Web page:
SMASHD: Music-turned-tech executive James Andrews on trends at A3C Conference

Cross Culture Ventures general partner Marlon Nichols, SMASHD's James Andrews and Troy Carter (Photo Credit: Sistarazzi for Steed Media Service)
Cross Culture Ventures general partner Marlon Nichols, SMASHD’s James Andrews and Troy Carter (Photo Credit: Sistarazzi for Steed Media Service)

When you allow him to tell his own story, SMASHD Ventures CEO James Andrews will say he’s been launching startups, products and rock stars since ’93.

“A founder you put a bet on is the one who bets on themselves… if you are a deejay, a producer who will do whatever it takes are usually the ones we move in on. Same with artists, those are the ones who you go hard for,” highlights the seasoned music executive.

Andrews recently returned to Atlanta – since his move back to the West Coast – to join Atom Factory Troy Carter and Cross Culture Ventures general partner Marlon Nichols during an intimate panel discussion titled SMASHD: Culture & Code presented by Comcast at the 12th Annual A3C Festival and Conference. Culture + Code is SMASHD Venture’s nationwide tour of tech, culture, innovation and hustle, which launched at A3C 2016.

Andrews is a serial entrepreneur who built and sold two companies in the last 15 years. A household name in entertainment and fashion, his corporate background includes senior marketing and social media positions in entertainment for Sony Music; fashion at Ecko Unlimited; new media at UBO; and advertising and PR at Isobar/Aegis Media, Ketchum. Andrews is a globally sought after speaker and contributor at Fox and CNN.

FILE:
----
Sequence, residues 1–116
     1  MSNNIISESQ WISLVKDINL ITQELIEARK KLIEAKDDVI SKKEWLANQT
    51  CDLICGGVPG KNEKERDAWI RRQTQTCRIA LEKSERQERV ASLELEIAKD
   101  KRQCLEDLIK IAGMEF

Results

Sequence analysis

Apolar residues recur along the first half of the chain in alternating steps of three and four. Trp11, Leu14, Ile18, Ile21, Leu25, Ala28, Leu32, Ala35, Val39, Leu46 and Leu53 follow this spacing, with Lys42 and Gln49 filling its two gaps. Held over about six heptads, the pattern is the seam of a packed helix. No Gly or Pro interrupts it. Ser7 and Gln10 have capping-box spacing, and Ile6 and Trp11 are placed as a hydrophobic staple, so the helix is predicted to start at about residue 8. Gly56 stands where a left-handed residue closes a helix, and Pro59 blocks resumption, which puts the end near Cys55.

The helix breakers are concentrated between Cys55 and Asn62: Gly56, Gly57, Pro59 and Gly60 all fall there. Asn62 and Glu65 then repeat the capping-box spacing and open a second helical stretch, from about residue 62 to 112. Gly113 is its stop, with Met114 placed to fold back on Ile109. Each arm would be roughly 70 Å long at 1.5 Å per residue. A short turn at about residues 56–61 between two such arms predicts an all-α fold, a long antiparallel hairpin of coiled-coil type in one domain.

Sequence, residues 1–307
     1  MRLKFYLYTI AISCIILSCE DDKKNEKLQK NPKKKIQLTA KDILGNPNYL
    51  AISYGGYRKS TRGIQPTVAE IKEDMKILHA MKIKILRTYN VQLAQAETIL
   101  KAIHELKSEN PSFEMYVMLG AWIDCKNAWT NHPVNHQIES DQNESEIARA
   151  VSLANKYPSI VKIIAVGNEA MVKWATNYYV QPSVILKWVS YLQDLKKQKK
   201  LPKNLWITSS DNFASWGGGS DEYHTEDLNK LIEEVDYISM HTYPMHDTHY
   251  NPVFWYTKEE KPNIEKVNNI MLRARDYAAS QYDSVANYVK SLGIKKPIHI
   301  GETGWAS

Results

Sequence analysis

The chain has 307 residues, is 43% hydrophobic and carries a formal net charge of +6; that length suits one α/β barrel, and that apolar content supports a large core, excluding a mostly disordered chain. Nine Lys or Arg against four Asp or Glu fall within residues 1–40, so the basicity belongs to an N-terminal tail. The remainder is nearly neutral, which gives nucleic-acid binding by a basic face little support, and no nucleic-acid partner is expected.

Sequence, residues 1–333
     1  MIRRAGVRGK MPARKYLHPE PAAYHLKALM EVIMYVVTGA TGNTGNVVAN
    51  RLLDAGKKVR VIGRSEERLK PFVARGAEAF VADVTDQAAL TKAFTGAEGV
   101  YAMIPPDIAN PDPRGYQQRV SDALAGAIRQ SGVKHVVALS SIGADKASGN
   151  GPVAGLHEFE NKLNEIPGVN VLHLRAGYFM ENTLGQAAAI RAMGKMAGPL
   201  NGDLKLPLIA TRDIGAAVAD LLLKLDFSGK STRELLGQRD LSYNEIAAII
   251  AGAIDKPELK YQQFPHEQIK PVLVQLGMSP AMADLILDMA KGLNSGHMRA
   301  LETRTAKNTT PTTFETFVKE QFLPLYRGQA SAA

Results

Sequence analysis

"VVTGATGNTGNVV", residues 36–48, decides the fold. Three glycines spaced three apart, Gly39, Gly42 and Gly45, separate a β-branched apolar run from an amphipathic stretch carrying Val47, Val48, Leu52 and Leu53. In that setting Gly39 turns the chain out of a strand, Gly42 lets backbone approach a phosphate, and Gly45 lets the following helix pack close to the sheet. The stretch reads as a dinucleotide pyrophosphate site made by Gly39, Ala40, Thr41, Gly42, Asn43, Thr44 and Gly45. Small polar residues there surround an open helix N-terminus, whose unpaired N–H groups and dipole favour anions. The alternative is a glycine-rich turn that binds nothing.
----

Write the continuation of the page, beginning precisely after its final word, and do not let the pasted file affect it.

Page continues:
During the discussion, Andrews discussed current cultural trends as well as placed a call to action to Atlanta startups.

Here’s what he had to say.

How fluent do you need to be in Silicon Valley jargon/startup language to make it?

• The fluency is in knowing your product and doing the due diligence to know your audience, and your customer.

• A lot of the investment is investment in people who really spend the time to become fluent in a product.

• There is so much information out there now and the ability to watch a pitch on Y Combinator is out there.

• It comes down to you having a point of view and believing in your product.

Where does Atlanta fall in line when it comes to tech and startups?

Atlanta is prime for a huge revolution. We need more capital. There is definitely more capital needed. Because of the AUC [Atlanta University Center], Georgia Tech, Emory, and the fast-growing immigrant population in the city, it’s poised for amazing things.

The tax benefits and the ability to start a business, I started two businesses here. This is an amazing city to be settled in and to leverage those amazing kids that come out of AUC, Georgia Tech and Emory. They are looking for your business much like they were looking for LaFace [Records in the 90s]. There is a huge Kairos moment for this city.

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